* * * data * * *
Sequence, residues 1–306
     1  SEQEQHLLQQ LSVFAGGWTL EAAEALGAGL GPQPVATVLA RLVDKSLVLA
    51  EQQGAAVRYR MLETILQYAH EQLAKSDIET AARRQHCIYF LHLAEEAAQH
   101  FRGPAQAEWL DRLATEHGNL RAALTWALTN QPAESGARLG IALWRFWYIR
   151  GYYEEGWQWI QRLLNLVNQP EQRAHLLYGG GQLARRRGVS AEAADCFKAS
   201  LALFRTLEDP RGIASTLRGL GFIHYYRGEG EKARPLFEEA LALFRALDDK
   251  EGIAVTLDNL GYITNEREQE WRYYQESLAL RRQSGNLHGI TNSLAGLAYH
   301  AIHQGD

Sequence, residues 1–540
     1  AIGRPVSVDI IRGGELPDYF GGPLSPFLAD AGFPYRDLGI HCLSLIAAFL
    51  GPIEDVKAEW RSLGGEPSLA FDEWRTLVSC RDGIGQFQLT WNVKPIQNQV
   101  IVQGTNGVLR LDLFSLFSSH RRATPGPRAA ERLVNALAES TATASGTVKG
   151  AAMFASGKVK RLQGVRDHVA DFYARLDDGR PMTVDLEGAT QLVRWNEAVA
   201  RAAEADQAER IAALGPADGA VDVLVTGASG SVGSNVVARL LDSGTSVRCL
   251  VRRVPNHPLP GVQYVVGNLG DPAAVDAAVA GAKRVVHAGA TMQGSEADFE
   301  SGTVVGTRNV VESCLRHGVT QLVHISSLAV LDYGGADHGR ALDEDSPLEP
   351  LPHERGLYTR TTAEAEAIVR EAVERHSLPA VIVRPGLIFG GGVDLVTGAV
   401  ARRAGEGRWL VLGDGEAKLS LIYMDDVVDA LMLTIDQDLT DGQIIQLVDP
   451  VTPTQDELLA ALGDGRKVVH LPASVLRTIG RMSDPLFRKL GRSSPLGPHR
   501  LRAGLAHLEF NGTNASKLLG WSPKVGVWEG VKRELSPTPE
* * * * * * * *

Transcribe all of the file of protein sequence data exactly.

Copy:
Sequence, residues 1–306
     1  SEQEQHLLQQ LSVFAGGWTL EAAEALGAGL GPQPVATVLA RLVDKSLVLA
    51  EQQGAAVRYR MLETILQYAH EQLAKSDIET AARRQHCIYF LHLAEEAAQH
   101  FRGPAQAEWL DRLATEHGNL RAALTWALTN QPAESGARLG IALWRFWYIR
   151  GYYEEGWQWI QRLLNLVNQP EQRAHLLYGG GQLARRRGVS AEAADCFKAS
   201  LALFRTLEDP RGIASTLRGL GFIHYYRGEG EKARPLFEEA LALFRALDDK
   251  EGIAVTLDNL GYITNEREQE WRYYQESLAL RRQSGNLHGI TNSLAGLAYH
   301  AIHQGD

Sequence, residues 1–540
     1  AIGRPVSVDI IRGGELPDYF GGPLSPFLAD AGFPYRDLGI HCLSLIAAFL
    51  GPIEDVKAEW RSLGGEPSLA FDEWRTLVSC RDGIGQFQLT WNVKPIQNQV
   101  IVQGTNGVLR LDLFSLFSSH RRATPGPRAA ERLVNALAES TATASGTVKG
   151  AAMFASGKVK RLQGVRDHVA DFYARLDDGR PMTVDLEGAT QLVRWNEAVA
   201  RAAEADQAER IAALGPADGA VDVLVTGASG SVGSNVVARL LDSGTSVRCL
   251  VRRVPNHPLP GVQYVVGNLG DPAAVDAAVA GAKRVVHAGA TMQGSEADFE
   301  SGTVVGTRNV VESCLRHGVT QLVHISSLAV LDYGGADHGR ALDEDSPLEP
   351  LPHERGLYTR TTAEAEAIVR EAVERHSLPA VIVRPGLIFG GGVDLVTGAV
   401  ARRAGEGRWL VLGDGEAKLS LIYMDDVVDA LMLTIDQDLT DGQIIQLVDP
   451  VTPTQDELLA ALGDGRKVVH LPASVLRTIG RMSDPLFRKL GRSSPLGPHR
   501  LRAGLAHLEF NGTNASKLLG WSPKVGVWEG VKRELSPTPE